Beth Fertig is WNYC’s Contributing Editor for Education. She previously covered politics, which included City Hall during the Giuliani administration, and the U.S. Senate campaigns of Charles Schumer and Hillary Clinton. She also covered transportation and infrastructure.
Bloomberg Finds Education Loophole
Wednesday, November 25, 2009
New York, NY —
Mayor Bloomberg says the city will use student test scores in evaluating teachers coming up for tenure this year, despite a state law that seems to prohibit such a practice. WNYC's Beth Fertig has more.
REPORTER: The mayor says city attorneys believe the law only applies to teachers hired after July of 2008. That means teachers hired in 2007, who are now coming up for tenure, can be evaluated based partly on test scores.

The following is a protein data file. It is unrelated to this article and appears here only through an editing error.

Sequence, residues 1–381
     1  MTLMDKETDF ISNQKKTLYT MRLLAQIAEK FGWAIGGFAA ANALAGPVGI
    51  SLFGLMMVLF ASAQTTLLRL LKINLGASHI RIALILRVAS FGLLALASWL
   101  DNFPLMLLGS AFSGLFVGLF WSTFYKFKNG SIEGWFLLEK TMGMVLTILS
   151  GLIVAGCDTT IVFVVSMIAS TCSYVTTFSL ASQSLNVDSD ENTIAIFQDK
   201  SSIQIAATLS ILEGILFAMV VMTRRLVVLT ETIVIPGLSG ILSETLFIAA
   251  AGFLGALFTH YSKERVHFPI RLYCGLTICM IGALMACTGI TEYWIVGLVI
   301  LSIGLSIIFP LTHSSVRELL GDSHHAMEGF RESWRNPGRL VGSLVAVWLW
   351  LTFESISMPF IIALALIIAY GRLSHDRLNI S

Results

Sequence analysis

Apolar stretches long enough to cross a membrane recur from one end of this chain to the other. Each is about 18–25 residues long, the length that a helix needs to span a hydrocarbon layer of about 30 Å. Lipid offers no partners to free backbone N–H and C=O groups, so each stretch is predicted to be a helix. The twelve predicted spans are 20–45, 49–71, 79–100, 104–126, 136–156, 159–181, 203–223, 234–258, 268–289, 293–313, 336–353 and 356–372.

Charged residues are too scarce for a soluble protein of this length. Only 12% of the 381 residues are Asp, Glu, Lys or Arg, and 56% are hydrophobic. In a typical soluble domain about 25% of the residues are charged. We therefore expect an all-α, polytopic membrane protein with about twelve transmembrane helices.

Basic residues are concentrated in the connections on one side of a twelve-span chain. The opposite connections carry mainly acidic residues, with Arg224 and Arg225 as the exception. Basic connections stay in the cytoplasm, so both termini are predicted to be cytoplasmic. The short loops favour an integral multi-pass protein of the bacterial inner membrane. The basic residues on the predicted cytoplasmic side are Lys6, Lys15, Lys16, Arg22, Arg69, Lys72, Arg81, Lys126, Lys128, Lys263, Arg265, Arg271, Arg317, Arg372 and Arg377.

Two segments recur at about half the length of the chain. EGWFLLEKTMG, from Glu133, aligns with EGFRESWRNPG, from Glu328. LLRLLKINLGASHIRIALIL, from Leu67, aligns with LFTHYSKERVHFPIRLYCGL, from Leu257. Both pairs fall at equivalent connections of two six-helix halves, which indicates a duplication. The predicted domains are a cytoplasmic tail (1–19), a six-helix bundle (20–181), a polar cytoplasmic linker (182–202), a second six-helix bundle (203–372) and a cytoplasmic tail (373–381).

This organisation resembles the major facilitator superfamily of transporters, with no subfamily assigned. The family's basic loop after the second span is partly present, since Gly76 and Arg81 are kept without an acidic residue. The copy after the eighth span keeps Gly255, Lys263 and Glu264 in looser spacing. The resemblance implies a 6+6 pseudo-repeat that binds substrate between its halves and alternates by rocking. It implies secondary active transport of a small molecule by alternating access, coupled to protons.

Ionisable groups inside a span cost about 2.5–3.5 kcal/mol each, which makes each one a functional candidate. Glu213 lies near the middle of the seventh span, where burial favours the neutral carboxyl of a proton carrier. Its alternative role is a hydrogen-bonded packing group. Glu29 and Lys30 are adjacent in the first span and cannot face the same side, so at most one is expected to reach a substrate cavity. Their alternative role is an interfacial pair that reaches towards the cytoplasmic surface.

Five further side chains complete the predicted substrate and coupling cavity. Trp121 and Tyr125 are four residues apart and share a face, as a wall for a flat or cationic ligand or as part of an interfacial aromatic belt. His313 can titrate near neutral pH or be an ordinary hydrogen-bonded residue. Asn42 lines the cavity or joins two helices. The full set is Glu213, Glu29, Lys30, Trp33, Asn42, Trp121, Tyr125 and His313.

About six thousand teachers would affected. The mayor made the announcement at an event in Washington where he spoke with US Education Secretary Arne Duncan. Duncan supports using student achievement data in part to evaluate teachers.
The city says along with the test scores, principals could also use class room observations to evaluate teachers. The teachers union claims tests are flawed are not a fair measurement of a teacher's effectiveness. Bloomberg's announcement comes as teachers negotiate a new contract with the city. For WNYC I'm Beth Fertig.